Two projects of Myrinivskyi Hliboprodukt (MHP), a Ukrainian industrial agribusiness company, financed by the EBRD will be assessed for a compliance review by the bank’s Independent Project Accountability Mechanism (IPAM). The compliance review is an independent investigation aimed to determine if the Bank has complied with its environmental and social policies in relation to the MHP projects. By 26 January 2022 the EBRD’s mechanism will conduct a preliminary evaluation whether the project may have caused harm to affected local people and if there is an indication that the bank may have breached its standards.
Compliance Advisor Ombudsman (CAO) of the IFC is expected to begin a similar process in the coming weeks to assess the need for a full investigation into the IFC’s financing to MHP.
The move towards compliance investigation comes three and a half years after local people from Olyanytsya, Zaozerne and Kleban, three villages in the Vinnytsya region of Ukraine, submitted complaints to the accountability mechanisms of the two banks. Between October 2018 and August 2021 the two mechanisms co-facilitated a confidential mediation process between representatives of local complainants and MHP. Ecoaction, CEE Bankwatch Network and Accountability Counsel advised local complainants in the mediation process with MHP.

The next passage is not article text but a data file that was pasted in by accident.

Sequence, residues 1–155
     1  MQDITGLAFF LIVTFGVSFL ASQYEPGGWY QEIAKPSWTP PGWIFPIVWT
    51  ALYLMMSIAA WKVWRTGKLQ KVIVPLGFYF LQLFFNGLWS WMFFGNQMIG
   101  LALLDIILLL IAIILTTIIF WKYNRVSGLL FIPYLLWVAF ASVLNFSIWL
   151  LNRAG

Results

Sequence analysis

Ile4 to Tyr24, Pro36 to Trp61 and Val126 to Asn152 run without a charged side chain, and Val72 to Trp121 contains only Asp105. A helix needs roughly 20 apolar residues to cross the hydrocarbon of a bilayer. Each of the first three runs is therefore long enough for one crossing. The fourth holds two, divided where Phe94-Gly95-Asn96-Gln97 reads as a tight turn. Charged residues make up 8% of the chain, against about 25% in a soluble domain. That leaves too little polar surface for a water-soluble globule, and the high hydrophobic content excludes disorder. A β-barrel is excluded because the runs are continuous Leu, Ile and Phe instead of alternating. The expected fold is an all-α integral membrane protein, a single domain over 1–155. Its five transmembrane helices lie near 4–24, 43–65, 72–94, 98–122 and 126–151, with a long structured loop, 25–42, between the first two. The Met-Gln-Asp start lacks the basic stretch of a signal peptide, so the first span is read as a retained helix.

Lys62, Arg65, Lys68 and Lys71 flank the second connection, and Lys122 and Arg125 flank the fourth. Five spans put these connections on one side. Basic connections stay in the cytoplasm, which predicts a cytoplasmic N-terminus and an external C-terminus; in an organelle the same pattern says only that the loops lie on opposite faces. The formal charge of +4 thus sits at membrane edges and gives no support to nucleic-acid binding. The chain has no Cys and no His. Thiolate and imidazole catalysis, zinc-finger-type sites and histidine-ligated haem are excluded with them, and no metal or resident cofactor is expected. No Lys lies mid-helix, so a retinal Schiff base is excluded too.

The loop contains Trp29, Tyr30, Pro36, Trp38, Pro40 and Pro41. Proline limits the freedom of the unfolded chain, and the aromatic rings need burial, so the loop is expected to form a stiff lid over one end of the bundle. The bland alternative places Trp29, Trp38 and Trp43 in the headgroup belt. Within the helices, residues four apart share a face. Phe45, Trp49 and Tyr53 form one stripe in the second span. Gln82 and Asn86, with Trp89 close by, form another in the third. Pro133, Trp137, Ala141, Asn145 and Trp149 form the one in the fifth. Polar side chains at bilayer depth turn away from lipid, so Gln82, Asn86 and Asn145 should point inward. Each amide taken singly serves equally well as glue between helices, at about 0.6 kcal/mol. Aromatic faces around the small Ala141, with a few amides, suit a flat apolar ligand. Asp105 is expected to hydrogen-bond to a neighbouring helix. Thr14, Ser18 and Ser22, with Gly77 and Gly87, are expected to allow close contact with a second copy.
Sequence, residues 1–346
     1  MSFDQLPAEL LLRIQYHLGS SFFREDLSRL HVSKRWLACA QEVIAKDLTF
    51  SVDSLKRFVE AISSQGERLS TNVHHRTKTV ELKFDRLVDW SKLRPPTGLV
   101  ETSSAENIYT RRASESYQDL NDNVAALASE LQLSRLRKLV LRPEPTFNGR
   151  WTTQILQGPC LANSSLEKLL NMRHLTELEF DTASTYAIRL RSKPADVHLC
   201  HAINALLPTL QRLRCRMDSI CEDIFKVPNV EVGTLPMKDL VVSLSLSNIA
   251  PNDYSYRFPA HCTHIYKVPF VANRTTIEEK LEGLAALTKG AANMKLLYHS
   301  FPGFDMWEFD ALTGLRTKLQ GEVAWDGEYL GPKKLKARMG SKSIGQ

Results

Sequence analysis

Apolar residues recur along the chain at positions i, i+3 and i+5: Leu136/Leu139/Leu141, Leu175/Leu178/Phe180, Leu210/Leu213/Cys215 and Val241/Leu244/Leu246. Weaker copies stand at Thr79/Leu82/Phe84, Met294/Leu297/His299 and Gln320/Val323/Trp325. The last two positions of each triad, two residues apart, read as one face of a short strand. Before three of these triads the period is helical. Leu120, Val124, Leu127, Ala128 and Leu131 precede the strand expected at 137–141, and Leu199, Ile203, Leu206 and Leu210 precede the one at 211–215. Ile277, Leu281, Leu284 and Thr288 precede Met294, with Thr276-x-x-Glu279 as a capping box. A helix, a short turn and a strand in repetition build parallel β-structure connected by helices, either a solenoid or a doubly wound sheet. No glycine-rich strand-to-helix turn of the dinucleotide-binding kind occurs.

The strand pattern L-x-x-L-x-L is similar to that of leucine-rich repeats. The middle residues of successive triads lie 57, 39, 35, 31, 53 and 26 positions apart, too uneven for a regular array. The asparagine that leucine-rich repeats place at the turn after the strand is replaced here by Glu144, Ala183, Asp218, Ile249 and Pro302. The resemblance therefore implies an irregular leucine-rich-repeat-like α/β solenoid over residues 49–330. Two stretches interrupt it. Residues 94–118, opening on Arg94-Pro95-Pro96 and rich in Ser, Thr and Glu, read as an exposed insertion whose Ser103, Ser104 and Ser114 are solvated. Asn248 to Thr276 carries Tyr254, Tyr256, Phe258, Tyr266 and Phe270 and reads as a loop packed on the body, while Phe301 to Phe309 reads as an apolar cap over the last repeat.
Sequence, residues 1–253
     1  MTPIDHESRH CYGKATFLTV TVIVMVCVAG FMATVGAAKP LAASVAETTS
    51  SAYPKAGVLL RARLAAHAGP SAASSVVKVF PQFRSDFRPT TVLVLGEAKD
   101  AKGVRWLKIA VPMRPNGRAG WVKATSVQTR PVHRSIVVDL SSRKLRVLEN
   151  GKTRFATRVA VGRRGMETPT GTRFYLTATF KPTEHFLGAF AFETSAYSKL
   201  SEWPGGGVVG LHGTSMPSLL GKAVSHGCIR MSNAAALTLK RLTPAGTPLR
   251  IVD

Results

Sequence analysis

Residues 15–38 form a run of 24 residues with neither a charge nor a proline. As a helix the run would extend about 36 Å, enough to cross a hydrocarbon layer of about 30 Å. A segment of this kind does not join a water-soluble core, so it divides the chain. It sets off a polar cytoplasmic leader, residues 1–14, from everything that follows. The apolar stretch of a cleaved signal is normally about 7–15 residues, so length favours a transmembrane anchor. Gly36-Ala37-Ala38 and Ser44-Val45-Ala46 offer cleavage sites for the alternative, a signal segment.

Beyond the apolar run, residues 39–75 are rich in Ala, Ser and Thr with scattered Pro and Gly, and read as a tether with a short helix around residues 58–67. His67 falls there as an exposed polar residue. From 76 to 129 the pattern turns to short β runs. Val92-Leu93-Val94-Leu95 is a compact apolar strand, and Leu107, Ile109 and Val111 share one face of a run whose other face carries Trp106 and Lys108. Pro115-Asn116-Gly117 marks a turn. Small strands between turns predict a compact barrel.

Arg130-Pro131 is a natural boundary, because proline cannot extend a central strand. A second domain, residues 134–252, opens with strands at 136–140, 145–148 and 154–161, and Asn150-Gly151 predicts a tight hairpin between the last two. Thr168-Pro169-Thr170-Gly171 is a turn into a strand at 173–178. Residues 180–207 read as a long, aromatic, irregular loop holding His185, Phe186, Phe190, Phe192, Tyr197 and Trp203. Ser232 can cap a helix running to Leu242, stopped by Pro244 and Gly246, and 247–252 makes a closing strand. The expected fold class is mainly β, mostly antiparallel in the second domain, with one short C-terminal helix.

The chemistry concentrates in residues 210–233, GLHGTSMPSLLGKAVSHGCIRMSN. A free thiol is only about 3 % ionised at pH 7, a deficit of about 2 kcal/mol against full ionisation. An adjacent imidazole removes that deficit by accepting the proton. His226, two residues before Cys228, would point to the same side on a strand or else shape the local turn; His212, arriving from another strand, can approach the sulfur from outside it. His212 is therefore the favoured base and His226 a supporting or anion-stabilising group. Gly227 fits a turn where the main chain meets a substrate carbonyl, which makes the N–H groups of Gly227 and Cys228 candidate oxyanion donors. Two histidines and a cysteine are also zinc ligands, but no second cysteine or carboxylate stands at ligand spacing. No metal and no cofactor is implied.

IPAM’s public report from the mediation process provides a summary of the outcomes of the confidential mediation and the outstanding issues that remained unresolved.
Complainants were disappointed that despite their effort no agreement was reached with MHP. They hope that the compliance review will result in an effective remedy for the outstanding issues listed in the IPAM report, such as:
- Road safety. To address the problem of heavy vehicle traffic through village roads, some progress was achieved in terms of road safety awareness raising. Yet concerns regarding heavy traffic going through the villages remain, as local villagers have noticed little change even after the construction of a long-promised bypass road.